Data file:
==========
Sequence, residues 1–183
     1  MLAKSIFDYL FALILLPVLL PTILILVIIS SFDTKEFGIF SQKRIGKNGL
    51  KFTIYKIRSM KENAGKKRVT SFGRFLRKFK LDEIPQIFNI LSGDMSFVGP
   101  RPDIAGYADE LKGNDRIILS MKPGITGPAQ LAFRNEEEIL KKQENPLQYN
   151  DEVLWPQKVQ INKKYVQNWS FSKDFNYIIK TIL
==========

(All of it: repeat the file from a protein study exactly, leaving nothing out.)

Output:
Sequence, residues 1–183
     1  MLAKSIFDYL FALILLPVLL PTILILVIIS SFDTKEFGIF SQKRIGKNGL
    51  KFTIYKIRSM KENAGKKRVT SFGRFLRKFK LDEIPQIFNI LSGDMSFVGP
   101  RPDIAGYADE LKGNDRIILS MKPGITGPAQ LAFRNEEEIL KKQENPLQYN
   151  DEVLWPQKVQ INKKYVQNWS FSKDFNYIIK TIL